Note: The following item was provided by Perry Barrett, who submitted the item for publication for the Polk.Today reading audience to enjoy. – KtE

Rosie the Riveter was the iconic image of a confident, determined woman used in a national campaign aimed at recruiting desperately needed female workers for defense industries during World War II.

As massive male enlistment into the armed forces left yawning holes in the industrial labor force, American women answered the call to enter the male-dominated defense industry and to fill other labor shortage areas as well.

Between 1940 and 1945, the female percentage of the U.S. workforce increased by 35%, with millions of “Rosies” replacing lost male workers as truck drivers, machinists, riveters, bus drivers and assorted everyday jobs. In 1943 alone, women made up 65% of all workers in the U.S. aircraft industry.

That same year, a popular song entitled “Rosie the Riveter” moved up the charts. It was sung by the Four Vagabonds, an African American quartet. In the song, the quartet imitates the sound of trombones, bass and even the sound of a rivet gun as it forces a rivet into place.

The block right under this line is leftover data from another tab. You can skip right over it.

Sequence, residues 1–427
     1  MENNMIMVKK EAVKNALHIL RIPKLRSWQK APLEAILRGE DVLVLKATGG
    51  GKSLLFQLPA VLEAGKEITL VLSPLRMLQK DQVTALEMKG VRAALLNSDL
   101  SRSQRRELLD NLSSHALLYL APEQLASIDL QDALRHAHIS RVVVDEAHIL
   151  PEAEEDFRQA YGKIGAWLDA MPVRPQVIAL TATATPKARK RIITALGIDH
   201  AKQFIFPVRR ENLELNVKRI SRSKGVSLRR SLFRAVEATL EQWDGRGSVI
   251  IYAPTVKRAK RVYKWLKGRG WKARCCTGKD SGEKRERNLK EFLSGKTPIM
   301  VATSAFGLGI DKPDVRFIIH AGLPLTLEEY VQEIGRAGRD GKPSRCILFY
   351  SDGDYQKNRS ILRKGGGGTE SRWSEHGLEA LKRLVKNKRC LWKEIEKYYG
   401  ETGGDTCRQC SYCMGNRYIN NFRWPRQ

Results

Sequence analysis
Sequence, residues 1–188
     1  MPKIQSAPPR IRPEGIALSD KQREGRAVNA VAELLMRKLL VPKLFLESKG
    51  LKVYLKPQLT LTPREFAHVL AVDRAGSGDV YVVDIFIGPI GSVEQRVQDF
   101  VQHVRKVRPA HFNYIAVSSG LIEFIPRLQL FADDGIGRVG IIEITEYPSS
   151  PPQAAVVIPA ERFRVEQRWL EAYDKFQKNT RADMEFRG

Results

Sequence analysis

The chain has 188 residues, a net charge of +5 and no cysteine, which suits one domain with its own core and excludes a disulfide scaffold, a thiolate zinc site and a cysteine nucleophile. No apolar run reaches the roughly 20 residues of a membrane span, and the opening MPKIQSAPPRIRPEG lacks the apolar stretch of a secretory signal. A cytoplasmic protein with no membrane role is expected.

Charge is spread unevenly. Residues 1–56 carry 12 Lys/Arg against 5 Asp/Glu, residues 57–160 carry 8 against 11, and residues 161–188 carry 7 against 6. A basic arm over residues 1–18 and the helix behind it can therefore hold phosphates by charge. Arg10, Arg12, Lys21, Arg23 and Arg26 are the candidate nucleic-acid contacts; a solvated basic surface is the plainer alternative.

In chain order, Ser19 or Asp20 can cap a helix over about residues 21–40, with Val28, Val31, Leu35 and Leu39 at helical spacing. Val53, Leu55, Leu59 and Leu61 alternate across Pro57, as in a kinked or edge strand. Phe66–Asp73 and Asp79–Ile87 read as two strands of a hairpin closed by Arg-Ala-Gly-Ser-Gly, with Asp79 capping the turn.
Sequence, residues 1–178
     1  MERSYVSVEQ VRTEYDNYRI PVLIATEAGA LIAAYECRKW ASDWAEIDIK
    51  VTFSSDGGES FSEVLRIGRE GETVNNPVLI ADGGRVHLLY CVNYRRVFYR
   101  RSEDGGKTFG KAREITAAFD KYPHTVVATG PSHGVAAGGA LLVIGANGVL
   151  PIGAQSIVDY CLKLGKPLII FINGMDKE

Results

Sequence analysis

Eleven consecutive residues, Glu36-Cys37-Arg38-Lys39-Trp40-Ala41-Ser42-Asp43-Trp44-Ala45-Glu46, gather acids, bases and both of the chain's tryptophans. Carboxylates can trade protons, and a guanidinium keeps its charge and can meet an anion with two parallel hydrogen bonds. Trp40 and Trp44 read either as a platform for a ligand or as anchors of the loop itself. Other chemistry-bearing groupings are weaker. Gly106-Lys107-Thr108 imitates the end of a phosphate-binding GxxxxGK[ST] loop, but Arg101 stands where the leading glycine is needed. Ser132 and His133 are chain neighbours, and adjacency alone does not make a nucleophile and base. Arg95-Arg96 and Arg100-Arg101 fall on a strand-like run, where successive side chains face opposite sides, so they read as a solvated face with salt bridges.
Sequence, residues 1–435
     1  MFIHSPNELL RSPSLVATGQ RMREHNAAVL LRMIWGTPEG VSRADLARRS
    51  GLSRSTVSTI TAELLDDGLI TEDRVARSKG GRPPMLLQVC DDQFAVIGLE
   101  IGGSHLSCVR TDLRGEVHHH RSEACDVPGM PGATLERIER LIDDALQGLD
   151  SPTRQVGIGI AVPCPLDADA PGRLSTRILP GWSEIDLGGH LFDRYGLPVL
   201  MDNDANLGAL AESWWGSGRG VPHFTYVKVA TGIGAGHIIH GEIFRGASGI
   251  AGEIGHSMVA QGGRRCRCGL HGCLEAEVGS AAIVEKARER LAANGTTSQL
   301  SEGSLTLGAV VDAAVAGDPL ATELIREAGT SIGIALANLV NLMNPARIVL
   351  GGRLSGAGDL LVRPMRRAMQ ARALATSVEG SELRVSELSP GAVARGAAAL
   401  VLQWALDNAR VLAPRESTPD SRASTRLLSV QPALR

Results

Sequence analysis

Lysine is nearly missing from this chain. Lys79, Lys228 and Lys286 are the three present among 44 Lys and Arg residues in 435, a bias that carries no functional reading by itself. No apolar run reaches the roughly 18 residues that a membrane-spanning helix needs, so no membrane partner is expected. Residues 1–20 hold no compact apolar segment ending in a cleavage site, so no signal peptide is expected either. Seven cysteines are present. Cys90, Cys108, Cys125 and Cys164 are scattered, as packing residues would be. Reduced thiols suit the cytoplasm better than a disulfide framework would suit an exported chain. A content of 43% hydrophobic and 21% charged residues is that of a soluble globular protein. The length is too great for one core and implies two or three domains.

On a recent Saturday afternoon, Carol Cain, retired Troup County educator, performed that song with gusto at the Little White House in Warm Springs while attired in the outfit most closely associated with Rosie, from a Normal Rockwell Life magazine cover from Memorial Day 1943.

During her presentation, Carol took on the persona of 7 actual “Rosies” and gave a moving soliloquy as each recounted her true wartime experience as a riveter, bus driver, truck driver, machine operator or general laborer.

For 25 out of the last 26 years (except last year, of course), Carol has performed as Rosie the Riveter throughout the U.S. As Rosie, Carol appears in dark blue coveralls, actual period work boots, and the iconic red headscarf to tell the moving story of fearless women taking on tough jobs in World War II.

Carol performs annually for the American Rosie the Riveter Association and has been featured at events at Fort Benning, World War II Heritage Days in Peachtree City, the Little White House, and the Atlanta History Center. She can be contacted at

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